Ubud is incredibly cheap
I often spent no more than $5.00 for two people on each meal, including drinks, tax and service charge. And this was without really even trying to keep it cheap. If we had actively sought out low-cost spots, or if we were on a mega-tight budget, we could easily have kept things even cheaper.
One nice quality about the restaurants in Ubud is their tendency to use recyclable materials whenever possible. A side-effect of living on an island, I suppose. The straws were metal and were washed and reused (when they were given out), and even the salt and pepper shakers were made out of leaves or wood.
There's also no shortage of cheap, but beautiful, accommodation in Bali. While I was there, the local Balinese kept asking me “Where are you staying?” And when I answered, they'd grill me about its amenities and tell me about somewhere they know that's better. Does it have a pool? No, no pool. Oh, my friend's place is much better, it has a pool. Next time, you'll stay there, yeah?
Bali may be cheap, but at first glance, it doesn't look that way…
Become a millionaire in Bali, on arrival!
Every single time I went to the ATM, I got to proudly say “I'm a millionaire!”
In the photo above, I'm holding one million Indonesian rupiah. This may sound like enough to buy your own fleet of helicopters, but it's actually a much more modest €65 / $81 / £51. This means that you have a LOT of zeros to deal with, no matter what you are buying.
So a 1.5L bottle of water is 2,500Rp. Yikes! Sounds expensive, until you realize that's about…. 20 cents. 😉
Driving in Bali is an adventure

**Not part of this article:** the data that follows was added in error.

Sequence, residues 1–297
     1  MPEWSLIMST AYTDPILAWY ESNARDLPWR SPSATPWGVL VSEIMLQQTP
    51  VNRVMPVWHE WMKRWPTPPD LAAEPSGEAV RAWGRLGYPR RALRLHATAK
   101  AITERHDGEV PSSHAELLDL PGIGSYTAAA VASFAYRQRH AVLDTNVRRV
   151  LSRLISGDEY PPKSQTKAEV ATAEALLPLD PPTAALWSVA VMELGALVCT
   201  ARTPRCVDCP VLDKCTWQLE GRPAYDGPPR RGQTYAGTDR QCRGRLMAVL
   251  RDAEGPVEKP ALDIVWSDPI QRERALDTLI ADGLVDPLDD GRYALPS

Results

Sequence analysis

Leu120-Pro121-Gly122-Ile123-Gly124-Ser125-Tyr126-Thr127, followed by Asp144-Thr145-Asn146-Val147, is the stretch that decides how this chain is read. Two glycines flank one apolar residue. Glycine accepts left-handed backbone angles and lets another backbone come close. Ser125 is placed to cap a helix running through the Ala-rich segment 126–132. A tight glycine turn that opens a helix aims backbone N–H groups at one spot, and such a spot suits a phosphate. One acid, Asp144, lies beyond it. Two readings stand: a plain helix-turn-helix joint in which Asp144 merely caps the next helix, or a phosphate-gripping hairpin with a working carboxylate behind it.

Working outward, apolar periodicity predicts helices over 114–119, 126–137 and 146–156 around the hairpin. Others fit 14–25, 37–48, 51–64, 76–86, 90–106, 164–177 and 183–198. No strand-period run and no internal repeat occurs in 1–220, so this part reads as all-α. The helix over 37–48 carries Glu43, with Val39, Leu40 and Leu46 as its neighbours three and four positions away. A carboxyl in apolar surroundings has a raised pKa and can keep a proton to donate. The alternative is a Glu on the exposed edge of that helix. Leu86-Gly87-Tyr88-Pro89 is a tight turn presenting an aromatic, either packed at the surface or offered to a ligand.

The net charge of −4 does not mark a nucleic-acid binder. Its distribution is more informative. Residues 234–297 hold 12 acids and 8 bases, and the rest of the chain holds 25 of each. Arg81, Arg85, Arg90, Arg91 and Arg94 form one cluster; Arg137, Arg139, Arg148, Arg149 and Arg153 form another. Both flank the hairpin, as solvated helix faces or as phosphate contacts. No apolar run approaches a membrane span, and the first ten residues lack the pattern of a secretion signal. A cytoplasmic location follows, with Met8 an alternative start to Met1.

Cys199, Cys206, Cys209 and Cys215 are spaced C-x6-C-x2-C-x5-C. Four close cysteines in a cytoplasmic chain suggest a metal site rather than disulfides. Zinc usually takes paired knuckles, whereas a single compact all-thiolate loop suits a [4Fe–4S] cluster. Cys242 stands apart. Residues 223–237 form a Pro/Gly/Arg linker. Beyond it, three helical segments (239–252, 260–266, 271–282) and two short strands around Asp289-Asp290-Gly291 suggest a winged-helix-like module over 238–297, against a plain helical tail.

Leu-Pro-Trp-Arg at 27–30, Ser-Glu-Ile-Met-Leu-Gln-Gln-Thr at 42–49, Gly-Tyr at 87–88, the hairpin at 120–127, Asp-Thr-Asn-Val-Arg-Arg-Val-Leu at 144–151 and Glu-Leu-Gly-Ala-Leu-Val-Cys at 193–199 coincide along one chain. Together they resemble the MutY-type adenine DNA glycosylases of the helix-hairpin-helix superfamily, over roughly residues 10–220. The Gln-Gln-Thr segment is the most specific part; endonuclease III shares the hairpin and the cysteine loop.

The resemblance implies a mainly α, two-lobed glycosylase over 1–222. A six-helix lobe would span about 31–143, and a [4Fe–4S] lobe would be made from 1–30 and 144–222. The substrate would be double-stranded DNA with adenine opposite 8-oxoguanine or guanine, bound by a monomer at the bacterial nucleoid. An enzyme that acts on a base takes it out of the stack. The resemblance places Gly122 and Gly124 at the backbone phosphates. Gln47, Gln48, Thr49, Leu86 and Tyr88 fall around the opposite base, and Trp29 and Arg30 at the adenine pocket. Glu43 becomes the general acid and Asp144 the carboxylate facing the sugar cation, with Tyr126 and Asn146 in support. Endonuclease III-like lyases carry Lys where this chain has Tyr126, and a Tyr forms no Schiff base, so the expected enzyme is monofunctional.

Like in many other countries in Asia, indicator lights and caution are thrown out for honking. Honk if you want to turn, honk if you want to overtake someone, honk if you are turning a corner and want anyone coming the other way to know you are coming. Honk, honk, honk!
And of course, the motorbike (which incidentally, in Indonesian is “sepeda motor”, where sepeda is one of many loan words in Indonesian, in this case coming from the French vélocipède, an older word for bike, where just “vélo” is preferred nowadays) being the main mode of transport means that you quite regularly fit your whole family, your dog and your cargo of bambo sticks on board. Lauren and I joined in on this madness and drove our bike while holding a full-sized swivel fan.
Lane dividers are more like suggestions than enforceable rules. At any given moment, there are people barrelling down at you, headed the wrong way in your lane, and you just have to trust that they'll swerve out of the way. In fact, at all times you need to be prepared to swerve around pedestrians, other motorists, and endless stray dogs and chickens (the chickens just roam the streets – I don't know how their owners keep track of them), and kamikaze frogs.
But there really is an organization to the chaos. Knowing that there is always going to be something in your way keeps you much more alert, and I actually got to like the honking system. The fact that people swerving in an out of lanes meant that everyone gets to move at their own pace. You can go as slow, (or as fast), as you want to, and you don't have to worry about anyone getting impatient that you're holding up traffic. They'll simply send you a friendly beep from behind that signals “Don't move, I'm passing to your right,” and go on about their day. I don't remember seeing a single speed limit sign the entire time I was there.
The petrol stations are a lady sitting by a shelf lined with bottles of oil. If you look closely at the picture, you'll see that the petrol containers are actually re-purposed Vodka bottles!
We really enjoyed our stay! While Indonesia is a huge country with plenty to discover, and even Bali itself has everything from a mountain to diving joys, we were happy to chill out in Ubud for the month after a year of moving around so much. But with the rainy season coming in, it was time to find a new home, and for this month we are in the south of Goa in India.
I'll travel around a little and hope to have a nice update about my Indian experience to add to the amazing time I had here on the last trip, before we visit our next country in January.
Let me know your thoughts on this post in the comments!
And finally... One of the best ways to learn a new language is with podcasts. Read more about how to use podcasts to learn a language.